SA’s athletes to be vaccinated ahead of Tokyo Games
The vaccination of athletes, although not compulsory, fully commence on Monday at various vaccination sites throughout the country following a test phase.
FILE: Picture: Twitter/@Tokyo2020.
JOHANNESBURG/TOKYO – With 60 days to go before the Tokyo Olympic Games’ Opening Ceremony, the International Olympic Committee (IOC) and the International Paralympic Committee (IPC) announced an offer to make vaccine doses available to athletes of all member countries participating at the upcoming Games.
The vaccination of athletes, although not compulsory, fully commence on Monday at various vaccination sites throughout the country following a test phase, which began on 20 May at the Chris Hani Baragwanath Hospital, where 31 accredited Team SA members were vaccinated.
The medical team from the Department of Health as well as SASCOC staff are said to be working together to contact the athletes and arrange vaccination dates and times to ensure that an efficient and smooth process is maintained.
To facilitate the implementation of the offer by the IOC/IPC, the South African Sports Confederation and SASCOC concluded engagement and protocols with the Department of Sport, Arts and Culture as well as the Department of Health, to roll out vaccines to the full Team SA delegation that have been put on the long list for the Tokyo Games.
“Engagement with the government to vaccinate our athletes had long since commenced. The offer from the IOC/IPC is therefore in line with SASCOC’s position that we take every precaution to ensure the safety of our athletes in delivering Team SA to the Tokyo Games,’ said SASCOC’s acting CEO Ravi Govender.
The Games are set to start on Friday, 23 Jul 2021 until Sunday, 08 Aug 2021.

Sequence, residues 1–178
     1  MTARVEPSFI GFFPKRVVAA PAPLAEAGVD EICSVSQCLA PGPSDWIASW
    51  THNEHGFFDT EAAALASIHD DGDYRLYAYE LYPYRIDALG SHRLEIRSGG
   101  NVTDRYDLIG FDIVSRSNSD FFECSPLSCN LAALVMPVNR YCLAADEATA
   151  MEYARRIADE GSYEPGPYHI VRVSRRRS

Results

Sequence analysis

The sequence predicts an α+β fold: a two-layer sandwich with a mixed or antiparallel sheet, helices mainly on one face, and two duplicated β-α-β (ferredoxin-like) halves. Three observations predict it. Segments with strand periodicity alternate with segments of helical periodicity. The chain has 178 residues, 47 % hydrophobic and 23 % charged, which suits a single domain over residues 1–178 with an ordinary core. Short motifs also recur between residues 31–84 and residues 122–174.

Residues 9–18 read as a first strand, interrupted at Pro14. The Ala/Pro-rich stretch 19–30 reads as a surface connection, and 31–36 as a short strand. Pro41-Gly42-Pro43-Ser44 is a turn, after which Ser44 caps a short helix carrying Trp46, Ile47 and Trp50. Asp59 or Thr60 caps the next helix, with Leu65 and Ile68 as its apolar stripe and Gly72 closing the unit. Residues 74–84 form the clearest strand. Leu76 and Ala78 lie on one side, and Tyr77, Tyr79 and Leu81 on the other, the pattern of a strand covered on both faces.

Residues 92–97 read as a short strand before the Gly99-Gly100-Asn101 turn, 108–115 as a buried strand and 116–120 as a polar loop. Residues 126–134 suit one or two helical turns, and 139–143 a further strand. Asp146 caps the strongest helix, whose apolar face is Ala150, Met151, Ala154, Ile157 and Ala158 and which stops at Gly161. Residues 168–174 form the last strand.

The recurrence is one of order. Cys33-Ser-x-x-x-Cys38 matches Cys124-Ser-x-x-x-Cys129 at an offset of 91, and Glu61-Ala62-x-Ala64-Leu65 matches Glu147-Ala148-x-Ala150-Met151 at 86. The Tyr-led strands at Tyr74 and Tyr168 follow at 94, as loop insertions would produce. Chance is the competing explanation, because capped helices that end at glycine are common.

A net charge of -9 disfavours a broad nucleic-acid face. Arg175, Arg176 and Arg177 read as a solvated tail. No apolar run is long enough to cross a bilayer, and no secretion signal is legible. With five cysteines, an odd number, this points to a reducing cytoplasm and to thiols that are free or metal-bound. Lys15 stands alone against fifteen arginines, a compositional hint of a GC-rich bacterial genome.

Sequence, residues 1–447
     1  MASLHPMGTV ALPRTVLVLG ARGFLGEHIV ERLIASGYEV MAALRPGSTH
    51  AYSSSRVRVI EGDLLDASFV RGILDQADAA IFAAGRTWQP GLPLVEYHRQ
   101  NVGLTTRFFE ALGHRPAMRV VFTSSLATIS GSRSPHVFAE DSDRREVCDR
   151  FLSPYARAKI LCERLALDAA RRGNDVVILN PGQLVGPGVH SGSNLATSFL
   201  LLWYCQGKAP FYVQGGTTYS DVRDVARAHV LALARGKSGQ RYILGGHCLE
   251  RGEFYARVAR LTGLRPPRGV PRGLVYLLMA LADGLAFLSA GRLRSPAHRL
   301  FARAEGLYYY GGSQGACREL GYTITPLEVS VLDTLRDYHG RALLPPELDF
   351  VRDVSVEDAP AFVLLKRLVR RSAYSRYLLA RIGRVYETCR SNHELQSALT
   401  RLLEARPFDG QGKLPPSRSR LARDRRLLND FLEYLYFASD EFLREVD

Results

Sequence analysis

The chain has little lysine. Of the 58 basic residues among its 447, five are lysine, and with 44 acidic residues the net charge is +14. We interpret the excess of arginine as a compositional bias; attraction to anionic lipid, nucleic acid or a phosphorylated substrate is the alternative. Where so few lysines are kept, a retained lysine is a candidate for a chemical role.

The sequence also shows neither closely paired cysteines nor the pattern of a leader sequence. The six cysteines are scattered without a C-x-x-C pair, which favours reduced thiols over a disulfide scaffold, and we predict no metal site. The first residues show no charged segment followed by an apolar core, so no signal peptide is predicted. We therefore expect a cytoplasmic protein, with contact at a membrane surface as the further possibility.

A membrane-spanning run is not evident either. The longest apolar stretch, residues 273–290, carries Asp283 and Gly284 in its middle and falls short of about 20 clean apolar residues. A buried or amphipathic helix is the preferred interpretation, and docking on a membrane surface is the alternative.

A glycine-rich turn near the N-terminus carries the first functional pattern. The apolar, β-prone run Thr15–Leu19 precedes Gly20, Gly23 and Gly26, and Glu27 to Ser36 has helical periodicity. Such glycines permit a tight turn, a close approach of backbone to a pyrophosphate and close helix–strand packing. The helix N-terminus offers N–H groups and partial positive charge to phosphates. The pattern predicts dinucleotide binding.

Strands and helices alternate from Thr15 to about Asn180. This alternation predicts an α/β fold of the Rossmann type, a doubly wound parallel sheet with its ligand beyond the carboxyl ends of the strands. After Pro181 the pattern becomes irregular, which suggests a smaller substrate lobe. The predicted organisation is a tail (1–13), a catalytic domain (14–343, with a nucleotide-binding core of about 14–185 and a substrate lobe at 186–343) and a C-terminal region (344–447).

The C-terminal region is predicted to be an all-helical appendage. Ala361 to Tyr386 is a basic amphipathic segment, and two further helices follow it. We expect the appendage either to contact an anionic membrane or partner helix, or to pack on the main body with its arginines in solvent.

Meanwhile, Japan opened its first mass vaccination centres on Monday in a bid to speed up a cautious COVID-19 inoculation programme with just two months until the virus-postponed Tokyo Olympics.
The two military-run centres in Tokyo and Osaka will administer thousands of shots daily, initially to elderly residents of the cities, as the country battles a fourth wave of virus cases.
Just 2% of Japan’s population of 125 million are fully vaccinated so far — compared to around 40% in the United States and 15% in France.
Criticism has been mounting over the relatively slow rollout, hindered by strict medical rules and complex bureaucracy, but the first people to get a jab at the Tokyo centre said they were excited to move on with their lives.
“It’s wonderful. I can rest easy now. For a long time, a year and a half, I was feeling rather anxious and tense,” Hideo Ishikawa, 73, told reporters.
Munemitsu Watanabe, a 71-year-old engineering lecturer, also expressed relief but said the rollout could have been quicker.
“Had they done it earlier and had 80 or 90 percent of people injected by the time of the Olympics, then the Games could be held more smoothly,” he said.
The Tokyo centre aims to deliver up to 10,000 jabs a day, while the Osaka centre will give up to 5,000.
Both are using the two-shot Moderna vaccine, which was approved for use in Japan on Friday along with the AstraZeneca formula.
But the AstraZeneca vaccine will not be used immediately due to concern over very rare blood clots.
Japan began giving the Pfizer jab in February first to medical workers and then over-65s, who the government aims to finish inoculating by late July, when the Olympics begin.
But ministers insist the Games do not figure on their rollout schedule, and no date has been announced for other age groups.
Japan has seen a relatively small coronavirus outbreak, with around 12,000 deaths overall, but a recent surge in infections has put hospitals under strain.
Tokyo, Osaka and eight other regions are under a virus state of emergency curbing commercial activities until the end of May, with reports saying the measures could be extended for another three weeks.
Public opinion is largely opposed to holding the Olympics this summer but organisers insist the event can be held safely.
The majority of athletes and others staying in the Olympic village will be vaccinated before they enter Japan, but inoculation is not required to participate.
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